Christ and the Jewish Law

Christ and the Jewish Law

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From the preface: "The importance of our subject is very generally admitted by competent theologians. Holtzmann, in papers frequently referred to within this work, makes allusion to a late work of Bruno Bauer's, and speaks in that connection of "the high significance, which belongs to Jesus' attitude towards the Law, in regard to His dignity as founder of a religion"; and Bassermann, the author of a brief but laborious commentary on Matthew 5:17-20, expresses himself as follows: "All admit the importance of this question," viz., the question how Jesus felt and taught regarding the Mosaic Law, "not only for a right understanding of the life and person of Jesus, but for a right understanding of the whole Christian religion. Rightly," he adds, "does Weisse call it a vital question for framing our conception of the Divine revelation made to us in Christ." Yet, so far as I am aware, there is no treatment of our subject, either in German or English, on a scale adequate to its importance. Perhaps the following pages may call attention to it. An apology is due for the absence of textual criticism. This book can make no claim to original scholarship, though I have tried to keep step with the results of scholarship. In Germany, it would be impossible to handle such a subject except in connection, not with textual criticism only, but with critical theories of the origin of the Gospels. And it is most legitimate to determine as exactly as possible the revealing facts and sacred words, on a sounder system than that of Gospel Harmony. But there are drawbacks. The next comer has a new criticism, and sweeps away at a stroke the underpinning upon which the superstructure of his predecessor rests. If we take our stand on the actual Gospel narratives, we cannot be so quickly despatched. The reader will not need to be told that I am under greater obligations to Ritschl than to any other writer. I have not indeed been able to follow his views upon "Christ and the Mosaic Law" in his Enstehung der altkatholischen Kirche. But from that book, and from his great work on Justification, I have derived suggestions and promptings so numerous that a detailed confession would be tedious. Perhaps it is right to add, that the following pages nevertheless are not an utterance of discipleship. Dr. Ritschl is not to be made responsible for the crudities of my criticism. Nor am I to be held assenting to the negations of his theology."show more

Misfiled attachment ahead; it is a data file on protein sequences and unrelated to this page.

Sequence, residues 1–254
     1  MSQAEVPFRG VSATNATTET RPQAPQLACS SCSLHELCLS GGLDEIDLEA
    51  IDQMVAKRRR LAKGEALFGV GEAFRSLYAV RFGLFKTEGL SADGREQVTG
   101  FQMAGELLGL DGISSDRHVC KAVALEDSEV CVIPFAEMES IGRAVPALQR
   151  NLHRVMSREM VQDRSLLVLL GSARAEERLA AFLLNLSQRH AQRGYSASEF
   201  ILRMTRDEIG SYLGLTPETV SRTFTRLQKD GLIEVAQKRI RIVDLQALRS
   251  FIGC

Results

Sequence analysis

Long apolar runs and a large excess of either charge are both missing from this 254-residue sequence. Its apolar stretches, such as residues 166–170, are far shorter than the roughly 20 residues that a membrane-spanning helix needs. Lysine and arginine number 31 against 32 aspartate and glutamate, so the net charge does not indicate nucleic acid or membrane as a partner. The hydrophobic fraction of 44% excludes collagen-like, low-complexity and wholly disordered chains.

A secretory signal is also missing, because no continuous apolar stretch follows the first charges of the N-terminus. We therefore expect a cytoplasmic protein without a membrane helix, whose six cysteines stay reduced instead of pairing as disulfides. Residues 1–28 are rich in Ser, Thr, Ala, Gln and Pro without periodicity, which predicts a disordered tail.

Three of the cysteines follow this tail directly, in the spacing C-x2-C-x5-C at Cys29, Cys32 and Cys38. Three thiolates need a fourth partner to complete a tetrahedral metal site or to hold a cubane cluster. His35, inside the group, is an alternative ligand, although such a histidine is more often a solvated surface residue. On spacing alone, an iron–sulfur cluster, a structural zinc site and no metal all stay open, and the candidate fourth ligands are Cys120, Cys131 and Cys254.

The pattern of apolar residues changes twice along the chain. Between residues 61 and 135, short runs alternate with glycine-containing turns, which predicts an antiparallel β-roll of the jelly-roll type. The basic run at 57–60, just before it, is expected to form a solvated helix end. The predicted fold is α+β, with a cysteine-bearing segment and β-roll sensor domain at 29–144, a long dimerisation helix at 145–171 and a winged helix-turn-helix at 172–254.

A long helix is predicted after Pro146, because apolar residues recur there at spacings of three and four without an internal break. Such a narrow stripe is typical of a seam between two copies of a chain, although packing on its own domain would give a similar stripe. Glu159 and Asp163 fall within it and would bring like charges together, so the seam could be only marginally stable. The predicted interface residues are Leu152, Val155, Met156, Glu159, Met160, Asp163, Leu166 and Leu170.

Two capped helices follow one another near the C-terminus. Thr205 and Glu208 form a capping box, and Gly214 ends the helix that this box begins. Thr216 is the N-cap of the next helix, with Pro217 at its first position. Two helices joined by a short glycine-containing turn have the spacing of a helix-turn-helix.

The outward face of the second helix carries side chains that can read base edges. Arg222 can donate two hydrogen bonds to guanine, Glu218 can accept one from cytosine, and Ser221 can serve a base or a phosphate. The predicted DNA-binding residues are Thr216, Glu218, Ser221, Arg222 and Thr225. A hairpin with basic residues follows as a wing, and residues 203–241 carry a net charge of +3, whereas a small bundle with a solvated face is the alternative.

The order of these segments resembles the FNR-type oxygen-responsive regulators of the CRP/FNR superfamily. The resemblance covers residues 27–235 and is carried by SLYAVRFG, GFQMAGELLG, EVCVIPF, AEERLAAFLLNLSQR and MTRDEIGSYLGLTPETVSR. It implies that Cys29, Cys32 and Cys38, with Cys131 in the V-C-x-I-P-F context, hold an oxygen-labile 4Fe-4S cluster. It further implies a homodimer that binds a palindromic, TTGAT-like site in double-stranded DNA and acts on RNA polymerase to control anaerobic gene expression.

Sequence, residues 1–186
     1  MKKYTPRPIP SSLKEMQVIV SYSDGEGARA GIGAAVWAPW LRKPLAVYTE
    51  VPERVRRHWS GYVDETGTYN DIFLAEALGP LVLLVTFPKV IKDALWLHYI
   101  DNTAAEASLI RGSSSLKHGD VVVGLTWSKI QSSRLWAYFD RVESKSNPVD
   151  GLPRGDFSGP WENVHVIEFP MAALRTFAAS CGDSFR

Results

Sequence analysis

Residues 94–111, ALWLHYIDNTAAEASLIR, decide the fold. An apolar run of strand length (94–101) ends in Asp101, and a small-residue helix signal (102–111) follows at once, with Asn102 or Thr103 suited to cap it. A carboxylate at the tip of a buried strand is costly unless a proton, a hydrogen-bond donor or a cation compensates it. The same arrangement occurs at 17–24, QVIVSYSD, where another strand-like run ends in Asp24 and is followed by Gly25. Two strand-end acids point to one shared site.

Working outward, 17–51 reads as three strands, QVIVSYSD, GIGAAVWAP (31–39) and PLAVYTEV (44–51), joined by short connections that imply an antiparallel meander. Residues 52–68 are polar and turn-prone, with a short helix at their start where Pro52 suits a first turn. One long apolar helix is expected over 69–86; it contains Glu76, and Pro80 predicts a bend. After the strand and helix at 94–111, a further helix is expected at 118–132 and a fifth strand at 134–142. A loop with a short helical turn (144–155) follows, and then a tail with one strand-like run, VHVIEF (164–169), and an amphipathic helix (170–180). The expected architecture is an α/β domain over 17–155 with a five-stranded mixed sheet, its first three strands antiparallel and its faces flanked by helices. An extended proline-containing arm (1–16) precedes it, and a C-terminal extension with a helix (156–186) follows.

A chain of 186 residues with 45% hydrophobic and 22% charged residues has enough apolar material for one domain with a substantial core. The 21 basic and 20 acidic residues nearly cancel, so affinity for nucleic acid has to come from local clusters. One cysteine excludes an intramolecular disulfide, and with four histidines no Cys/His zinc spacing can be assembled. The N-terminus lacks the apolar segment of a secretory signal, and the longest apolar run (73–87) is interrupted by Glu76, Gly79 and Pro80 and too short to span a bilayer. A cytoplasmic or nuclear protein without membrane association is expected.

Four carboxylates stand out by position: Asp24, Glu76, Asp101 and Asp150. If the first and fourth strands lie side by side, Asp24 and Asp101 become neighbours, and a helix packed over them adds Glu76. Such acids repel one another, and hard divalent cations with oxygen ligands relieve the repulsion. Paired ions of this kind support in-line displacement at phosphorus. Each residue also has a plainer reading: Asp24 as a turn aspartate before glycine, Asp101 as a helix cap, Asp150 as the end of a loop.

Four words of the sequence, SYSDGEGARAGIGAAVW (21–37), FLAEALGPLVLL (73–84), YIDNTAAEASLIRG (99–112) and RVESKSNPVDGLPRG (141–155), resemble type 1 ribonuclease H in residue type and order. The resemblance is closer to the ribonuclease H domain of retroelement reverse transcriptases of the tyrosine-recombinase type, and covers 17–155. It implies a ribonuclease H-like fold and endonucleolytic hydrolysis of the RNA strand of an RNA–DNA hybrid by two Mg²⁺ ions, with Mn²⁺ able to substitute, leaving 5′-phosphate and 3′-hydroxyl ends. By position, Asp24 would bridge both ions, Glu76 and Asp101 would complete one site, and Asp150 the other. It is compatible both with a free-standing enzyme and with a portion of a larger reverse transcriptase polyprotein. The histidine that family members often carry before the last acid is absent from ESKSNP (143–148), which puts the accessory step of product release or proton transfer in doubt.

Product details

  • Paperback | 86 pages
  • 152.4 x 228.6 x 4.83mm | 181.44g
  • Createspace
  • United States
  • English
  • black & white illustrations
  • 1508545103
  • 9781508545101